“That’s a separate issue. This is about safe shipping lanes and ensuring that we can restore at least some stability to what is a very unstable part of the world at the moment,” Morrison said.
“There has been a very disturbing series of events that we’ve seen in the Straits of Hormuz, and freedom of navigation and safe shipping lanes is very important to the global economy and that is a matter that is as important in that part of the world as it is in many other parts of the world.”
China hits back at Liberal chair of security committee
The Chinese authorities have accused Liberal MP Andrew Hastie of “Cold-War mentality and ideological bias”, after he drew on the example of France’s “catastrophic” failure to comprehend the threat of a rising Nazi Germany in an article warning about the dangers from a rising China.
The West once believed that economic liberalisation would naturally lead to democratisation in China. This was our Maginot Line. It would keep us safe, just as the French believed their series of steel and concrete forts would guard them against the German advance in 1940. But their thinking failed catastrophically. The French had failed to appreciate the evolution of mobile warfare. Like the French, Australia has failed to see how mobile our authoritarian neighbour has become.
Even worse, we ignore the role that ideology plays in China’s actions across the Indo-Pacific region. We keep using our own categories to understand its actions, such as its motivations for building ports and roads, rather than those used by the Chinese Communist Party.
The West has made this mistake before. Commentators once believed Stalin’s decisions were the rational actions of a realist great power.
Hastie referred to action Australia had taken such as foreign espionage legislation and more closely monitoring infrastructure.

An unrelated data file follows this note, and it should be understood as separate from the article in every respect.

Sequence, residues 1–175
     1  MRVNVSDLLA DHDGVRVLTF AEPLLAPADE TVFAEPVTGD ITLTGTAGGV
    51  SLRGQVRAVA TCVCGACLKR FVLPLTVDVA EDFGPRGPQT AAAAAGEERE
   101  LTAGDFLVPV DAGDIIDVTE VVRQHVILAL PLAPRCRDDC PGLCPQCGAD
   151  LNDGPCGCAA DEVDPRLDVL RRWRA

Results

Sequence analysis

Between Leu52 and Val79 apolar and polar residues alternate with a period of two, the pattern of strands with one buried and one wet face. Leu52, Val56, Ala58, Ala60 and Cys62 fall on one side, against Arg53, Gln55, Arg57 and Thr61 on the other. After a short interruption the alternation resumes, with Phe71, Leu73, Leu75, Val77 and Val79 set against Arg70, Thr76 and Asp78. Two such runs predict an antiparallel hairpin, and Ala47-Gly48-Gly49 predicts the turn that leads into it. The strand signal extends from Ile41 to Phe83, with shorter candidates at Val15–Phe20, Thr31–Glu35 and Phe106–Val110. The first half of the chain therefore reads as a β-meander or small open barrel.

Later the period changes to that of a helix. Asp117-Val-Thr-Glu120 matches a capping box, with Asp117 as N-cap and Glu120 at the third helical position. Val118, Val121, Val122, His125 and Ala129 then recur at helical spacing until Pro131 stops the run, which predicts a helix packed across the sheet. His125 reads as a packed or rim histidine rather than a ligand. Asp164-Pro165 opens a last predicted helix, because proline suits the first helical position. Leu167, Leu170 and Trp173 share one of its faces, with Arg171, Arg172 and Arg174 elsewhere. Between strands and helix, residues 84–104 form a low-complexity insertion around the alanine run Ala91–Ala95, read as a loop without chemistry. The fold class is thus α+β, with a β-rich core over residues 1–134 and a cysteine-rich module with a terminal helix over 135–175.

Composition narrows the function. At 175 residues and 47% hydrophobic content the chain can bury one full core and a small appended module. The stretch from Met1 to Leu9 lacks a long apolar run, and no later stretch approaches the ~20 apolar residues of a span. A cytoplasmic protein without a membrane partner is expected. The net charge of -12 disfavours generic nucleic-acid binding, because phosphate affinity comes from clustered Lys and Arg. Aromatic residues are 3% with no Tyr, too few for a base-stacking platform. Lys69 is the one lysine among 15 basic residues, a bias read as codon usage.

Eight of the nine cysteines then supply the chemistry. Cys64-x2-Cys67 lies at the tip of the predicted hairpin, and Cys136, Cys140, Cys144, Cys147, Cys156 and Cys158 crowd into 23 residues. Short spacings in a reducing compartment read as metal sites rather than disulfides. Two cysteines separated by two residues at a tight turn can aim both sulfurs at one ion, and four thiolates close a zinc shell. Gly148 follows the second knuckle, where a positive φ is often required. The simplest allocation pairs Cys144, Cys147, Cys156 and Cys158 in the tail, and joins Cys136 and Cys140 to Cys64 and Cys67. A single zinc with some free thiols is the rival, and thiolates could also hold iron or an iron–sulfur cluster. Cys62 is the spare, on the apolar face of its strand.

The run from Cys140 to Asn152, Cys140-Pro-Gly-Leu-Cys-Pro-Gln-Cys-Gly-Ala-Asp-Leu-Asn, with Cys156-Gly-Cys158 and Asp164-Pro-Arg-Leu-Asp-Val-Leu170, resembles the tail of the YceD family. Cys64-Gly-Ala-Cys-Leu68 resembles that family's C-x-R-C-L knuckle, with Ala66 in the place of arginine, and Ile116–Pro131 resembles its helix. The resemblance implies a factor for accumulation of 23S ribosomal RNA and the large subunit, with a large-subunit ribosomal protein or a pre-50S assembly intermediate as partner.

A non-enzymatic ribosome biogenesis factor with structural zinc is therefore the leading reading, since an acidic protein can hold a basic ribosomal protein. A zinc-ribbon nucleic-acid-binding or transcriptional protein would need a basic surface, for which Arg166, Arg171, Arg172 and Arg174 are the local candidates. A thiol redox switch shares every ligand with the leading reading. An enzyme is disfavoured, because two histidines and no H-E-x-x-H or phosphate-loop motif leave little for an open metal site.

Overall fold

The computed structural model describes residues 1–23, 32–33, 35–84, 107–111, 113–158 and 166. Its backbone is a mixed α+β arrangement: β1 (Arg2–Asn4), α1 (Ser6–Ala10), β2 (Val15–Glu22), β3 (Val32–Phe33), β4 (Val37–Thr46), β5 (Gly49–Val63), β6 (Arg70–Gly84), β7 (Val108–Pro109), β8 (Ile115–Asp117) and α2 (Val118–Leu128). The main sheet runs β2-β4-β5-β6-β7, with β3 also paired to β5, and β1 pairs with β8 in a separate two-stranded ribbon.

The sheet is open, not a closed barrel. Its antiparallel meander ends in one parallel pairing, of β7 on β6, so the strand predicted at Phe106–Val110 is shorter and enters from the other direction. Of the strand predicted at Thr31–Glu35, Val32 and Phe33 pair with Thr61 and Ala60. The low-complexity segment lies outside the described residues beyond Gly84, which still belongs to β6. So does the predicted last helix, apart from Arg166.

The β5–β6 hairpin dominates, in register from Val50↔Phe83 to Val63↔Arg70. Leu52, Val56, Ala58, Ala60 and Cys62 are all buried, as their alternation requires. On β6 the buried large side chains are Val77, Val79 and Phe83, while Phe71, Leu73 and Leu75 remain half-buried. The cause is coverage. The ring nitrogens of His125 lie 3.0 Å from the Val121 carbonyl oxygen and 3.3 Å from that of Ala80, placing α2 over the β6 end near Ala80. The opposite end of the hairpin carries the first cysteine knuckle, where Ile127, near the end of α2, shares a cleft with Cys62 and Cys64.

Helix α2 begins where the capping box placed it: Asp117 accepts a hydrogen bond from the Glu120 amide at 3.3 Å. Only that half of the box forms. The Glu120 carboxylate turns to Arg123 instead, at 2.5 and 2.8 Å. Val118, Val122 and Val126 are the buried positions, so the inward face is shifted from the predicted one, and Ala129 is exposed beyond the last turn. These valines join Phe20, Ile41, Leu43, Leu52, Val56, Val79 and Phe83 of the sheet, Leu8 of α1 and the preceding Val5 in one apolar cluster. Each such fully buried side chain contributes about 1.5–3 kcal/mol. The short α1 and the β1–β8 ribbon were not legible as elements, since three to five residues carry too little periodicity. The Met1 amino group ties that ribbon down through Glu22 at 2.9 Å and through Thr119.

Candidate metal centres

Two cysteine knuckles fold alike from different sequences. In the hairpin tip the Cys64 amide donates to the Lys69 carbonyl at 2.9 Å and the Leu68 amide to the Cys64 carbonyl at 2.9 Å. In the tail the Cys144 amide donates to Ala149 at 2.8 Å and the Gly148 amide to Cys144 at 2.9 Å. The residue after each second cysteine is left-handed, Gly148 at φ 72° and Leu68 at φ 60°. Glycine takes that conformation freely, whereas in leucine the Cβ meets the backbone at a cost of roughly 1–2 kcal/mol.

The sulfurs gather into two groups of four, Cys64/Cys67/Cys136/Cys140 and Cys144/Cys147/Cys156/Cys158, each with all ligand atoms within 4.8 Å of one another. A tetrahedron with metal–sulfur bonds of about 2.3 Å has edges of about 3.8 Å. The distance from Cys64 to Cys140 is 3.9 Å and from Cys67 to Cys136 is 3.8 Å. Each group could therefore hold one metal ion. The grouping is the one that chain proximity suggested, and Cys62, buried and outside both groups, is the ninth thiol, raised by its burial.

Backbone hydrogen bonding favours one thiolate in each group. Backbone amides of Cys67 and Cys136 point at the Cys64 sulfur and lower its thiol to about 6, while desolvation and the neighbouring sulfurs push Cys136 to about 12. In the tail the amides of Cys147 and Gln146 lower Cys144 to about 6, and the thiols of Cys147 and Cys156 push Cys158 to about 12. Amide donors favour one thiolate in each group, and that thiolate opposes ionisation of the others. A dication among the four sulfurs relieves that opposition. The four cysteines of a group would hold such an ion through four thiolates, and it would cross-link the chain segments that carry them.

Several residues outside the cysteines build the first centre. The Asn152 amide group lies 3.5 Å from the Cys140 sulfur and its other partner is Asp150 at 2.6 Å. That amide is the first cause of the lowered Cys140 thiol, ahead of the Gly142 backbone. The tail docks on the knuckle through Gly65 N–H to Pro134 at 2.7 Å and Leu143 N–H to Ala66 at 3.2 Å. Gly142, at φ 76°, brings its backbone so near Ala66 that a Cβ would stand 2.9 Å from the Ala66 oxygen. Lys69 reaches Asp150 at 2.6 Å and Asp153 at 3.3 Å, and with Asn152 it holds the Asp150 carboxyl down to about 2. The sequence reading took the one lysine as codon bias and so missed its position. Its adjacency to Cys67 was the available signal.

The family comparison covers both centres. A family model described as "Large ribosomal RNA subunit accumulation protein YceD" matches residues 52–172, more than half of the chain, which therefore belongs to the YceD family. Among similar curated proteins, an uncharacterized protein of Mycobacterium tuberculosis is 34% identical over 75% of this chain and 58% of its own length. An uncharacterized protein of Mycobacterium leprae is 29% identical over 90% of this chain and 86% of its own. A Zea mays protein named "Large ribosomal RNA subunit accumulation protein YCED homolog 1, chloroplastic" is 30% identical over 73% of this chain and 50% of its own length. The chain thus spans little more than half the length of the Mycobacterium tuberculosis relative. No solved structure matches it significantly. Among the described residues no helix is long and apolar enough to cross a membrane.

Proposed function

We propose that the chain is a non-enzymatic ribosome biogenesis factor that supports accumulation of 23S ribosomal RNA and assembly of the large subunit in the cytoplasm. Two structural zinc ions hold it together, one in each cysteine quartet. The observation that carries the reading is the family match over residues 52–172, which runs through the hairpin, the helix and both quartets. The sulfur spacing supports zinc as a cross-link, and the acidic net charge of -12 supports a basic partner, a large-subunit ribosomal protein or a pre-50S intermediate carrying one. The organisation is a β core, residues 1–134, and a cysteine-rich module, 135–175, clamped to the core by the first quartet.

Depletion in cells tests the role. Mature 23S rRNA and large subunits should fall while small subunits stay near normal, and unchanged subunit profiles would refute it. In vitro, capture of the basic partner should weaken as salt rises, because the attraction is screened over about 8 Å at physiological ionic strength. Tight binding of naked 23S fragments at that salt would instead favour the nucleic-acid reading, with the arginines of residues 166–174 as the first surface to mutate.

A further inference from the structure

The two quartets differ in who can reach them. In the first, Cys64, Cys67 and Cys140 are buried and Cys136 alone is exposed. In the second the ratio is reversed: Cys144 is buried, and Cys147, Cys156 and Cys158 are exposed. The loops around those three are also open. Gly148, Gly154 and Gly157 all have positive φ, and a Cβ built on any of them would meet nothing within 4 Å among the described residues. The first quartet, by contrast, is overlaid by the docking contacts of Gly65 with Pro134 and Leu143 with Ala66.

But “right now our greatest vulnerability lies not in our infrastructure, but in our thinking. That intellectual failure makes us institutionally weak. If we don’t understand the challenge ahead for our civil society, in our parliaments, in our universities, in our private enterprises, in our charities — our little platoons — then choices will be made for us. Our sovereignty, our freedoms, will be diminished.”
A spokesperson for the Chinese embassy said in a statement:
We strongly deplore the Australian federal MP Andrew Hastie’s rhetoric on “China threat” which lays bare his Cold-War mentality and ideological bias. It goes against the world trend of peace, cooperation and development. It is detrimental to China-Australian relations.
History has proven and will continue to prove that China’s peaceful development is an opportunity, not a threat to the world.
We urge certain Australian politicians to take off their “colored lens” and view China’s development path in an objective and rational way. They should make efforts to promote mutual trust between China and Australia, instead of doing the opposite.
Morrison played down the Hastie comments, noting he was a backbencher not a minister.
We will continue to work to have a cooperative arrangement with China. Of course, there is much to be gained from that relationship, particularly from the trade side, but let’s not forget that relationship is far broader than just the economic one.
But equally, our relationship with the United States is a very special one indeed and there is a deep connection on values and that’s of no surprise to anyone.
So we believe we can continue to manage these relationships together, but I don’t think anyone is in any way unaware of the challenges that present there.
When US President Donald Trump announced via Twitter on Friday that he was slapping tariffs on an extra US$300 billion of China’s exports, it was widely expected that China’s currency would slide against the US dollar.
The RMB/USD exchange rate is tightly managed by the People’s Bank of China. The rate is permitted to move only 2% away from a midpoint fixed by the bank each day.
Although in its official statement the bank attributed the slide mainly to changes in demand and supply, the slide would not have happened had the bank not allowed it. In the past it spent as much as US$107 billion in a single month defending the renminbi.
It is more reasonable to believe that the devaluation was a deliberate decision taken to offset the effect of the punitive tariffs.
By making China’s exports cheaper in US dollars it will neutralise the effect of Trump’s decision to impose tariffs that would make them more expensive.
But it will have far-reaching implications, so far-reaching as to suggest that Beijing has run out of alternatives.
In part, China is hurting itself…
The exchange rate – the external price of money – affects almost everything, including inflation in China itself, which will receive a boost as imports to China become more expensive.
Chinese inflation is already on the rise due to disruptions in supply of food staples such as pigs.